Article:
For the first blog in this mini-series in which I interview Beth Smith, click here. Beth’s interview focused more on specific case study projects, some of which I’ve compiled as part of Citizen Engagement & Democratic Innovation programme’s case studies. So dive into some diverse case studies to get some inspiration for what your own project could look like.
This post is about my chat with Anna Panagiotou. Anna has been a wealth of information for me to turn to as I have been finding my feet since starting work with The Cynefin Company just a year ago. So I wanted to ask her what it’s like facilitating projects within The Cynefin Company, from seedling ideas to applying the insights.
What is your experience of getting people’s projects up and running? What do you like about that process?
I especially like the connection part, when you see questions and aspects of sensemaking that were formerly disparate, come together, and see how they connect. That along with helping people to do things that they wanted to do for a long time but were hindered by not knowing how.
The people who come to us want to connect with those doing the on-the-ground work, and don’t see things in black and white, either/or. We’re giving them the tools, so it’s wonderful to see them get excited about it. There’s a sense of joy of possibility and discovery.
What are some of the challenges you’ve encountered?
There’s two big challenges. One is to pay basic lip service to complexity and call the same things by a new name, but essentially, keep doing exactly what you’ve been doing before. The other day, a client described this perfectly: “I don’t want SurveyMonkey with triangles.” This can happen if you approach a different tool in exactly the same way as you’ve approached things before. The software isn’t going to do everything for you. It offers capacities and possibilities (affordances if you want to use the technical term) and it makes certain things easier. But it’s not going to force you to do things a certain way, you have to do it yourself.
And most importantly, the second challenge: you’ve got your stories, you’ve got your data, and now what? The tool is not going to draw out insights and put them into action for you. You have to do it and do it with your team, organisation, community—and you have to do it in a way that works with your context. We can’t help that much with getting buy-in from the wider organisation.
Is there any advice that you would give to people in relation to these challenges?
I would give a piece of advice that is included in the Virtual Quickstart, but people tend to brush it off. Think about all those things in advance, don’t jump into planning or designing the SenseMaker collector itself. Plan and design getting buy-in from whoever’s relevant from the start because you might want to get community members, for example, involved in designing it.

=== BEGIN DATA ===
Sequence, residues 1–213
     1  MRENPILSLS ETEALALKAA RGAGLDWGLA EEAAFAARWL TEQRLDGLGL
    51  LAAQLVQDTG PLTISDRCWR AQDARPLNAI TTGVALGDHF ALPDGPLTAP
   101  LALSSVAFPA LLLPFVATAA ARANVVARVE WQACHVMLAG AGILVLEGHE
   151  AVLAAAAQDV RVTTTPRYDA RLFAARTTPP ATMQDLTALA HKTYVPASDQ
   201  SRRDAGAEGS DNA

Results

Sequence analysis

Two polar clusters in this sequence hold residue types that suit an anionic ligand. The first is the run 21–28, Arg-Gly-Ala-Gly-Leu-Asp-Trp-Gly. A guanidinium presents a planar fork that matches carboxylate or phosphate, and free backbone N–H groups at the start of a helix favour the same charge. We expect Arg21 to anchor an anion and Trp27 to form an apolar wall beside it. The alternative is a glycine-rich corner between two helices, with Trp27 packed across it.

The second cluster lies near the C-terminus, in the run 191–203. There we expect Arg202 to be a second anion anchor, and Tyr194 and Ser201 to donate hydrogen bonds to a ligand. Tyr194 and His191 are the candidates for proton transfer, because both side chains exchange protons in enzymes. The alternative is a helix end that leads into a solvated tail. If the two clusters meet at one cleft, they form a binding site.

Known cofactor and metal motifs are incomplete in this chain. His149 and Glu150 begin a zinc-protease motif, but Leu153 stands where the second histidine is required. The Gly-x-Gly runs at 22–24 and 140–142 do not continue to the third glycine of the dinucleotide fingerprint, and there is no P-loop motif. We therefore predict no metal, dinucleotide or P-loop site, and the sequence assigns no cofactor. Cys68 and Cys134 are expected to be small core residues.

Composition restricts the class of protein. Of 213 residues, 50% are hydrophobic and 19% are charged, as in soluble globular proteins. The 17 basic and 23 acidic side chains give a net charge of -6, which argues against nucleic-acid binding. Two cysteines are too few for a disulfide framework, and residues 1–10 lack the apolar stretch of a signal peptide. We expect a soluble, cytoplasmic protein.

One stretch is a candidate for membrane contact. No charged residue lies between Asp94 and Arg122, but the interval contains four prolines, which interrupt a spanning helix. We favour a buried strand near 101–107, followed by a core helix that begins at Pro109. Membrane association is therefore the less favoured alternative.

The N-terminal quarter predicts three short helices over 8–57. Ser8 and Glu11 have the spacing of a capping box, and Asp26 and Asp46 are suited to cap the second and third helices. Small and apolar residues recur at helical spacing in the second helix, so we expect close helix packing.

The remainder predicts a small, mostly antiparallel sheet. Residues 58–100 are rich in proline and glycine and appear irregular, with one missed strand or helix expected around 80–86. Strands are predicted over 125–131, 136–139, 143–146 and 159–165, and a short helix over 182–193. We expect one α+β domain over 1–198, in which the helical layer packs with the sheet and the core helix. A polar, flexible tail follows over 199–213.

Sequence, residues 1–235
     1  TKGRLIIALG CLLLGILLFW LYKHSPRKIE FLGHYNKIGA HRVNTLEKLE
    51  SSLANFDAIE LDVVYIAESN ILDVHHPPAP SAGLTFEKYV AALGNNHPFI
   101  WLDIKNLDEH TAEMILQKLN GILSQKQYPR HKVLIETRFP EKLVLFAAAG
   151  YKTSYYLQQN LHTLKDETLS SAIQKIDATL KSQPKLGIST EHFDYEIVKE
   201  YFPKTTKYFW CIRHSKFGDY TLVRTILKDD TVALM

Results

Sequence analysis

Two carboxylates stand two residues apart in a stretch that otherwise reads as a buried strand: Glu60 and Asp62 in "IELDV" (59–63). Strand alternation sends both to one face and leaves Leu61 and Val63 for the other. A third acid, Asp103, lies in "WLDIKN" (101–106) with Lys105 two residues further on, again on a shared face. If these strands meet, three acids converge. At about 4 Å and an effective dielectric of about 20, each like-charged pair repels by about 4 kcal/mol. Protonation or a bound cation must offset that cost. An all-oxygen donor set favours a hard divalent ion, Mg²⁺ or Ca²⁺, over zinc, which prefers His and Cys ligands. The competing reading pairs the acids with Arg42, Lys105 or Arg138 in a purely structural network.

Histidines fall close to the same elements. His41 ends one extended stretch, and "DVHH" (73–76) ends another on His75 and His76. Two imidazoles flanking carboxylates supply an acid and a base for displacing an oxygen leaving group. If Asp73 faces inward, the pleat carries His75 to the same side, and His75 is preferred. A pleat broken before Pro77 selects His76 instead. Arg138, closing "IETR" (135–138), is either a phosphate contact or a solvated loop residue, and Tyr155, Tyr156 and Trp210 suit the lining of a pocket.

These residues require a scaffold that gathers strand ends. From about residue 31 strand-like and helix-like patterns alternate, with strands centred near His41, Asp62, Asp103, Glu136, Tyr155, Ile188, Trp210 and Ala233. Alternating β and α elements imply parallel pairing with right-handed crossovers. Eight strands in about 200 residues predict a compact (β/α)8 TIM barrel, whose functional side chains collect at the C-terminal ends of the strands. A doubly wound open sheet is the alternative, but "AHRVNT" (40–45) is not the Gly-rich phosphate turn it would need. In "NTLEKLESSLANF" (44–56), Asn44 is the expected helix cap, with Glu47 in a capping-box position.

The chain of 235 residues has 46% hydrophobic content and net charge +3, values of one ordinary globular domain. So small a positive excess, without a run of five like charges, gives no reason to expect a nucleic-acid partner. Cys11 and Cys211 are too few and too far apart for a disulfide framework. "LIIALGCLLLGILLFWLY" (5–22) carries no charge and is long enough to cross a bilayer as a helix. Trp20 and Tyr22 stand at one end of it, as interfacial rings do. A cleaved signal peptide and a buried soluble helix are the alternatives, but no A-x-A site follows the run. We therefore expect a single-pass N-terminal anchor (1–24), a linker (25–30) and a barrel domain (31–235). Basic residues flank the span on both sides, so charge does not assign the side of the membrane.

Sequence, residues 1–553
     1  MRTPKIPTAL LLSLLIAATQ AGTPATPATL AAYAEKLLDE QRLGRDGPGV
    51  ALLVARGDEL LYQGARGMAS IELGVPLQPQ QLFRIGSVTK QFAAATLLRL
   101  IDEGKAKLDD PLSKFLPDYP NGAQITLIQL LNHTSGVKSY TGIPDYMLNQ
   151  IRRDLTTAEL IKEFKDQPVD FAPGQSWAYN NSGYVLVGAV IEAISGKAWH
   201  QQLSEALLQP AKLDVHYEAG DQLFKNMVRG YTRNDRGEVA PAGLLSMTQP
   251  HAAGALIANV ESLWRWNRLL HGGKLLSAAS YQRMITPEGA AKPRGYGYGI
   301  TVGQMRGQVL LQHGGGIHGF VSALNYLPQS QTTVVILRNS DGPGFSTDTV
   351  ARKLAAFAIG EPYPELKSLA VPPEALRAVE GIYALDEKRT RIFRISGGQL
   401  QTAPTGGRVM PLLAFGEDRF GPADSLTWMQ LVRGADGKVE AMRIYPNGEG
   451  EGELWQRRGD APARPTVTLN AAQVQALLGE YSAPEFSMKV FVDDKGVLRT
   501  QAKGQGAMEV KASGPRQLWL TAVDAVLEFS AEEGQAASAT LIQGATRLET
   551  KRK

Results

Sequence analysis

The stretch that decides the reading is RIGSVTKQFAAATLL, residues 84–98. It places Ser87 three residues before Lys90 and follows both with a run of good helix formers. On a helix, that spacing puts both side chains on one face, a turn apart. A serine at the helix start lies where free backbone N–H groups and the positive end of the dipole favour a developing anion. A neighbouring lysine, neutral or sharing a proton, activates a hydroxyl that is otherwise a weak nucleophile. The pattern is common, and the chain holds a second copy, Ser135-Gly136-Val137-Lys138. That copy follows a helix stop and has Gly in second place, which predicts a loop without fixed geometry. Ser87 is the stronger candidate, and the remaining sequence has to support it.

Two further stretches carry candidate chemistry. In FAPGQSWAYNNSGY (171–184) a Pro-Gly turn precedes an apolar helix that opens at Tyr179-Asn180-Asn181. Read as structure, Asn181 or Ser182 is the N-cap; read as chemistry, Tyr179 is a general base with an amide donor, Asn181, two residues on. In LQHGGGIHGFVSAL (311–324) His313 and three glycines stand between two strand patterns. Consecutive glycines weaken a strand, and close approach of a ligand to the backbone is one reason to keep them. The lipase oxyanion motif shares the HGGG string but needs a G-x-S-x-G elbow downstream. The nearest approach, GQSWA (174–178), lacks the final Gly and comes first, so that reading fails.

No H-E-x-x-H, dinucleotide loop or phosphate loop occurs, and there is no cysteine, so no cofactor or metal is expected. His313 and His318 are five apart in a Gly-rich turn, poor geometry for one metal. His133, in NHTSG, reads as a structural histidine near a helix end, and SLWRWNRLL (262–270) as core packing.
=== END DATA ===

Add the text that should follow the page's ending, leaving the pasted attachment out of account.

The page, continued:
This is part of why I’m excited we’re focusing more on the methods. Hopefully it will make it easier to help people co-create the approach, but also approach the patterns and stories and generate insights and intervention ideas together with the group of people impacted by the changes. It will also be helpful in doing things in a live, ongoing way, rather than gravitating towards static approaches. This is how you explore the complex space; the data and the patterns are there to help you but they’re not a substitute for action, you have to decide how to apply them in your context and then go and try it out.
What advice would you give to those people who are kind of approaching it like SurveyMonkey with triangles? What would you tell them in order to help them take a more Cynefin Company approach?
When people are shown alternative ways of doing things, the vast majority of them want to try them out. They’ve come to us because the other ways aren’t working for everything they need to do. And when they get the logic of how and why things are different, they jump on it. Some might have challenges such as convincing quantitative researchers who spend years developing the perfect Likert scale (which can be great in some contexts!). But they find ways to work with those people in my experience.
Sometimes you end up with things that are not perfect, but that’s not the goal, the goal is to take action, to probe so you can sense and then respond.
Thanks for sharing that wealth of experience and insights Anna!
Check out my other blogs in this series: here and here. And stay tuned for a blog coming very soon on How to Create A Citizen Sensor Network.
Featured image: Bud Helisson on Unsplash
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